Westphalia Township, Clinton County, Michigan
Some of my paternal ancestors lived in Westphalia Township, Clinton County, Michigan. Persons in bold lived in Westphalia Township:
Westphalia Township is in western Clinton County, Michigan, about 15 miles southwest of St. Johns and 20 miles northwest of Lansing, the state capitol. The area was settled in the autumn of 1836, two months before Michigan became the twenty-sixth state.
The settlement could be considered a German Catholic colony, as most of its settlers were from the same region of Germany and shared the same faith. A priest named Father Anton Kopp was instrumental in establishing the first German Catholic parish in central Michigan. From his diary:
"Year 1836--On August 26th, I journeyed with a large number of my countrymen from Bremen to America. We disembarked in New York on October 3rd. After a few days stay there, part of our group continued on to Detroit, where we arrived on October 25th. On October 28th, Eberhard Platte and I, even though we were unable to speak the English language, set out for the Land Office in Ionia and arrived there on November 4th. Because of the great number of people we had to wait six days before we were able to buy our land. This we did on the 10th day of November. On that same day, I started the difficult return trip to Detroit by myself, arriving there on the 18th of November. The following day, I visited Bishop Friedrich Rese, who welcomed me kindly and assigned me to the German Parish. ... In the meantime several other families journeyed from Detroit to Lyons, where wages were high and where they would be close to their purchased land, which they hoped to settle shortly."
Five other men are crediting with founding the settlement: Anton Cordes, John Hanses, Joseph Platte, John Salter, and William Tillmann. Cordes and Platte emigrated from Helden, Germany at least six months before Father Kopp's group. They worked with the land surveyors in the Grand River Valley. The area was known to be swampy and heavily forested, and therefore unappealing to the land speculators of the day. At least three of the men received title to their land directly from the Federal government:
|Anton Kopp||80||1141||October 10, 1839|
|Anton Cordes||240||345||August 1, 1837|
|Joseph Platte||313.85||344||August 25, 1841|
To reach the area from Detroit, the settlers traveled by way of the Old Chicago Road (US Highway 12) as far as Ypsilanti. They then took the Dexter Trail, which passed though Ann Arbor, Dexter, Chelsea, Stockbridge, Mason, Lansing, and Dewitt. From there it ran northwesterly through the Clinton County townships of Riley, Bengal and Dallas, and then in Ionia County to Lyons and Ionia.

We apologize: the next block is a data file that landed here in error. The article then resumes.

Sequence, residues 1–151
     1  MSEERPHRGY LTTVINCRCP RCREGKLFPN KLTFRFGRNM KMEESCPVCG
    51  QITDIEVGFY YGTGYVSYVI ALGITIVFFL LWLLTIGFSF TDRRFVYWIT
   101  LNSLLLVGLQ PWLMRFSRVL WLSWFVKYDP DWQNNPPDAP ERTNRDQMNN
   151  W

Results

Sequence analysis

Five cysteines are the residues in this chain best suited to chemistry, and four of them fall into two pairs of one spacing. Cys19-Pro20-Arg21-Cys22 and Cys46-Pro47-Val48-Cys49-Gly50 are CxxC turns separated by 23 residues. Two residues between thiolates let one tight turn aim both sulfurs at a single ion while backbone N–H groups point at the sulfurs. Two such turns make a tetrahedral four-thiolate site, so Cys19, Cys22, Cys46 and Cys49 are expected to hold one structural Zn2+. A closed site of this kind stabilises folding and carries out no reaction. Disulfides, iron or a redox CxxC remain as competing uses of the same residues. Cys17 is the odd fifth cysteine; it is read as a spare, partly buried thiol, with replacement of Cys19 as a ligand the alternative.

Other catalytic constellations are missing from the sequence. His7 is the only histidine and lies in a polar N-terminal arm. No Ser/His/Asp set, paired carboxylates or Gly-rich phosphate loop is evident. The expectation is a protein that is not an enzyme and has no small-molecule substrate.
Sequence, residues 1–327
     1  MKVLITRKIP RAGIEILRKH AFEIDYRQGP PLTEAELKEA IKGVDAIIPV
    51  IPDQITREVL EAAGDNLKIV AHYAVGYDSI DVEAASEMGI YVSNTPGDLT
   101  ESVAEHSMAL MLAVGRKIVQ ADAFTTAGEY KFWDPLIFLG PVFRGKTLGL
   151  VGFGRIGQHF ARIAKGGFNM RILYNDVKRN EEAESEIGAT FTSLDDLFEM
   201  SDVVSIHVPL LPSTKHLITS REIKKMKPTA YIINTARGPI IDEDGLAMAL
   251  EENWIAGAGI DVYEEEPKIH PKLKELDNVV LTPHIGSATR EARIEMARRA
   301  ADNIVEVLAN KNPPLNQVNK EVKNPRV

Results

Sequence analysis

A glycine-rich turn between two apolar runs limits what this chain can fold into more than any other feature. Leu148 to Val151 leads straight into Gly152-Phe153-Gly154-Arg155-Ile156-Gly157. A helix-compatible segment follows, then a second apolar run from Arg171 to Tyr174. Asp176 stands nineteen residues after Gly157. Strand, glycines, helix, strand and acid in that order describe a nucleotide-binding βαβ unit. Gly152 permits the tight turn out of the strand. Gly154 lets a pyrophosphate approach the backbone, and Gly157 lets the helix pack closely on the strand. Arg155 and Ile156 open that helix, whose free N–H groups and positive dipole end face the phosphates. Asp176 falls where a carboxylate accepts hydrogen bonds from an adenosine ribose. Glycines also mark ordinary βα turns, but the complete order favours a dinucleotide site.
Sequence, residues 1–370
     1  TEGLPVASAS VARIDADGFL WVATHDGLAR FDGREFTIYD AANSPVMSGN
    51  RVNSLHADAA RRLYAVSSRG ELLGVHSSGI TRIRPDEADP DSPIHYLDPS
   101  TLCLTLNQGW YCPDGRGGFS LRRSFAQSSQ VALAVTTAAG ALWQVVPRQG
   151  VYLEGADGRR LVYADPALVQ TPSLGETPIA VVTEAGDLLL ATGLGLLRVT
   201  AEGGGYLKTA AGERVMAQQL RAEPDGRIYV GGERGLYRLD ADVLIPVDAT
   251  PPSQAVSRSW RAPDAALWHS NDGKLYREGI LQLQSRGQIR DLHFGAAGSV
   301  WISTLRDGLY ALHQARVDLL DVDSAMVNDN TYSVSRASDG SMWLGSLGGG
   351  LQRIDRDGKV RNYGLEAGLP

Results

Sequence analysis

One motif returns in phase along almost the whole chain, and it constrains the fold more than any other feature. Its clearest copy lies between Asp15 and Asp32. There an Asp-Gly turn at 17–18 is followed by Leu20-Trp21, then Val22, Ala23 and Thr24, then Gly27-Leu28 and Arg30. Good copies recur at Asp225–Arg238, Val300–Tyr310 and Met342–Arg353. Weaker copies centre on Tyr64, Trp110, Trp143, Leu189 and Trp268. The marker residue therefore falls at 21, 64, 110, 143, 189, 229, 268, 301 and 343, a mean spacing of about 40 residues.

Legislatively, Westphalia Township was created March 21, 1839 from part of Watertown Township. Father Kopp suggested the name Westphalia in honor of its settlers who came from the German province of Westphalia.
By 1864, the settlement supported about 236 families. According to an agricultural census in that year, the township generated 100,000 feet of lumber, 200 barrels of flour, 92 barrels of cider, and 54 barrels of beer. The estimated value of all merchandise imported for sale was $43,200.
The township included 16,324 acres of taxable land, of which 5,841 acres were improved. During 1863, residents harvested 1,625 acres of wheat (4,477 bushels); 490 acres of corn (7,242 bushels); 5,649 bushels of potatoes; 7,074 bushels of other grain; 1,181 tons of hay; 8,732 pounds of wool; 46,693 pounds of pork; 24,825 pounds of butter; and 7,755 pounds of sugar. As for farm animals, there were 165 horses; 720 meat cattle; 202 work oxen; 466 milk cows; 2,738 sheep; and 972 swine.
-- Mike Voisin
--Weiland, Evelyn A. (ed.) Of Pilgrimage, Prayer and Promise: A Story of St. Mary's, Westphalia 1836-1986 (Westphalia, Michigan: Westpahlia Historical Society, 1986).
--History of Shiawasse and Clinton Counties, Michigan: with Illustrations and Biographical Sketches of their Prominent Men and Pioneers (Philadelphia: Ensign, D.W. & Co., 1880; Press of J.B. Lippincott & Co.). Reprinted by Clinton County Historical Society, St. Johns, Michigan.
--United States Bureau of Land Management. <http://www.glorecords.blm.gov/> (June 4, 2003).
--Michigan State Archives, Census of Clinton County 1864 (LDS microfilm #915297).
Contact: Mike Voisin